image CLP_7i_46_002
Image number: RS.15480
Credit: ©The Royal Society

Instrument for measuring the length of the Mediterranean


17th century


Unknown, Artist

Object type

Archive reference number

Manuscript page number




height (page): 135mm
width (page): 84mm



Text discussing a method to measure the length of the Mediterranean with the use of longitude ('the philosophers stone in mathematicks', according to the author).

The image belongs to the second part of the text, which is an improvement on a previous proposal, detailing the different parts and uses of the instrument.

Image within MSS: 'Proposals for rectifying the Straits or finding the exact Length of the Mediterranean Sea'.


Equinoctiall (made according to the enclosed scheme) will doe much better. Let ABCD be a peece of ordinary firm board in breadth about 3 foot and above 6 foot long. Let EFGH be another board of fine wood 1/2 foot in breadth and 6 1/2 foot long. Let the last of these boards be fixt to the other by a pair of small hinges at the lower end, viz. GH so as that the \upper/ board may turn on the hinges and be easily raised to any height whatsoever. Let the Quadrant OP be fixt in the hole N by which the upper board may be quickly Raised to any desyred Angle of Elevation and there fixt (if occasion be) by supporters at its back. Let a small sharp pointed style of brass or steele be fixt in the joint M exactly perpendicular to the upper board. Let the semicricle E.I. F. [being a peece of the said brass] be truly divided inot 12 houres, and each house into 60. Then the segment IK (the part of a great circle concentrick with the semicricle ELF, and being also of inlaid brass) will serve to denote the seconds (which will be very requisit afor[sai]d experiment it exactly performed) for drawing smal (sic) Lines from the centre M throu every minut on the house circle and prolonging them to the segment IK, the distantce between each of those lines on the said segment (as appeared by a meer mechanical Tryall which I hastily made) will be such as may be easily divided into 20 parts, each of which will be ans[w]erable to 3" and that is as great exactness in Tyme as we need desyre in the nicest Operations. I prefer an Equinoctiall Dyall (especially such a one as now describ'd, showing seconds) before any other whatsoever, because one will serve. It being unviersall or fitt for any Latitutdes, if duly fixt.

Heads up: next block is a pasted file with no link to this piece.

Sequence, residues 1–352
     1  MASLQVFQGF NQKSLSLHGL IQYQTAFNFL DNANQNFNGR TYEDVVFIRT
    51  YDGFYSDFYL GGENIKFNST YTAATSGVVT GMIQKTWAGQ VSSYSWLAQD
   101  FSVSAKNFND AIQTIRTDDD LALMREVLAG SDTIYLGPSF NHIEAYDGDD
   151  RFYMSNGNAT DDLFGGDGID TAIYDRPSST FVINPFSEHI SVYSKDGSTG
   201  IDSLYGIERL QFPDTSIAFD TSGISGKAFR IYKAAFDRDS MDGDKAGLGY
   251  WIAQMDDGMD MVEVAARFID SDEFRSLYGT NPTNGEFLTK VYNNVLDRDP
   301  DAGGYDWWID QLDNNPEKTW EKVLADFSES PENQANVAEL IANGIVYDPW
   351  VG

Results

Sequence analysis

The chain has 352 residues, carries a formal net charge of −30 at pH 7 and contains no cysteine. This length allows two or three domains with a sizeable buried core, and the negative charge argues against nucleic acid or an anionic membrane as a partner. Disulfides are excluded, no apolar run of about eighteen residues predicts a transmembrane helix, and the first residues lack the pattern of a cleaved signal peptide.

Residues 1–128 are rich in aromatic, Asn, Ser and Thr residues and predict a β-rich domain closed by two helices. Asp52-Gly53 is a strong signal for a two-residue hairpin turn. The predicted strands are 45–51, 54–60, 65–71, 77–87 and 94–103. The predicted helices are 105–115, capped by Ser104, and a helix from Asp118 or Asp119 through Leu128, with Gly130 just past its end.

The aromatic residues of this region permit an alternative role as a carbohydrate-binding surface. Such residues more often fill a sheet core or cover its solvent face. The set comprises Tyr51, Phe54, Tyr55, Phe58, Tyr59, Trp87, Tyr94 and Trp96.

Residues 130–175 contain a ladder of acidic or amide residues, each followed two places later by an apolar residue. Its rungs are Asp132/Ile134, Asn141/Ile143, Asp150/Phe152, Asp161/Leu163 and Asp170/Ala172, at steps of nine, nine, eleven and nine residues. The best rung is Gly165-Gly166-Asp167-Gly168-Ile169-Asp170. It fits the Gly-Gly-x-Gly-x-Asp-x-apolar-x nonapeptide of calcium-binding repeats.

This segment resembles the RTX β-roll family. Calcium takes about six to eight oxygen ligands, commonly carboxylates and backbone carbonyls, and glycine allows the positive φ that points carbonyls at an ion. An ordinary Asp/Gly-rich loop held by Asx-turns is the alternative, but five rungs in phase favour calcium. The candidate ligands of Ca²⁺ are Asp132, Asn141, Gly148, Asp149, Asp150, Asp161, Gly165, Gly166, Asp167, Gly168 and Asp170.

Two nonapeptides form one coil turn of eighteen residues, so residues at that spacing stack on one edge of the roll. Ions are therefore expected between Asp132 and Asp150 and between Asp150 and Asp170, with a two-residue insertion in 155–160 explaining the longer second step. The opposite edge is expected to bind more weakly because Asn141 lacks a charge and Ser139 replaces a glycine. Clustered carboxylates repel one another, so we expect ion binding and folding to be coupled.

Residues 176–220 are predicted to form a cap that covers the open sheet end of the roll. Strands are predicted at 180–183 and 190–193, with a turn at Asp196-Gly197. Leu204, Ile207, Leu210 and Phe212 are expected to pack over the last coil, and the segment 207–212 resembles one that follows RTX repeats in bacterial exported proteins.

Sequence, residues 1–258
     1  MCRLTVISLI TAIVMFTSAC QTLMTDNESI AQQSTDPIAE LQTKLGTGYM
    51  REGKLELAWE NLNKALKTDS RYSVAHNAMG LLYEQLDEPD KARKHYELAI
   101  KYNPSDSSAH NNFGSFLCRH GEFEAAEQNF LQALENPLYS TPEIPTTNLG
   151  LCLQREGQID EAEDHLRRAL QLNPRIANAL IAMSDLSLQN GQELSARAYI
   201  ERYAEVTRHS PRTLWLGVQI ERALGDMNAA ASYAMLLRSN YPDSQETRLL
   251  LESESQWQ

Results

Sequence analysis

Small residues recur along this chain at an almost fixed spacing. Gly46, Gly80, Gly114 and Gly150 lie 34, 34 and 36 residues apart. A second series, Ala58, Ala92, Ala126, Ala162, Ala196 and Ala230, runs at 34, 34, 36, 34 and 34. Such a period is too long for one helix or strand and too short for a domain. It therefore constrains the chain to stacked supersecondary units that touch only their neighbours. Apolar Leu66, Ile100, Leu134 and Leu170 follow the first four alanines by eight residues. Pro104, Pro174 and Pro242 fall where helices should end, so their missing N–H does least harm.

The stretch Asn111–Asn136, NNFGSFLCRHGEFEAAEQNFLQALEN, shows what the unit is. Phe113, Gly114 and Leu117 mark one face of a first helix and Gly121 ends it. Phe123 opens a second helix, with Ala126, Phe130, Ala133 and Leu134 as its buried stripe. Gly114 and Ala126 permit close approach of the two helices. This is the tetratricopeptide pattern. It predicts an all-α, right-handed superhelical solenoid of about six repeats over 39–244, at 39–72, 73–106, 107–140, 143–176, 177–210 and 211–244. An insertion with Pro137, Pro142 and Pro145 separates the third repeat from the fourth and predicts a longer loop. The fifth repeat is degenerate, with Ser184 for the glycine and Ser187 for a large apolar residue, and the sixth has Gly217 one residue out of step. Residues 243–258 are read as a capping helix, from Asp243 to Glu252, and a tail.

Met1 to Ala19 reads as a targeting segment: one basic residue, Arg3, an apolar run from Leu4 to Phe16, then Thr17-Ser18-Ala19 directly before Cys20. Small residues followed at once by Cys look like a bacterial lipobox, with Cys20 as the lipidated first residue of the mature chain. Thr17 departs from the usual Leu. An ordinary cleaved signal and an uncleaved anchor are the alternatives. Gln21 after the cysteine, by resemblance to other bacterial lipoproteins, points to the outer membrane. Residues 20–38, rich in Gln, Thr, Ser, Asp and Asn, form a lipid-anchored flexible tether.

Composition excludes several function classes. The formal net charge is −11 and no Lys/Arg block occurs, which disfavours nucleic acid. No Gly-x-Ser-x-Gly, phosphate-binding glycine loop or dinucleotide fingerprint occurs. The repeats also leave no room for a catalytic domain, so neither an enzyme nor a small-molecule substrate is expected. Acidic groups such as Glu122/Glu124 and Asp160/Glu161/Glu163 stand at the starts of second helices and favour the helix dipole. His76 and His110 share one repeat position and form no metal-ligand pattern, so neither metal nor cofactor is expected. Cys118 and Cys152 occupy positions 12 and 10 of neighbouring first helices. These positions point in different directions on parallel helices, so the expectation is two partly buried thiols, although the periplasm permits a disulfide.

Transcribed by the Making Visible project

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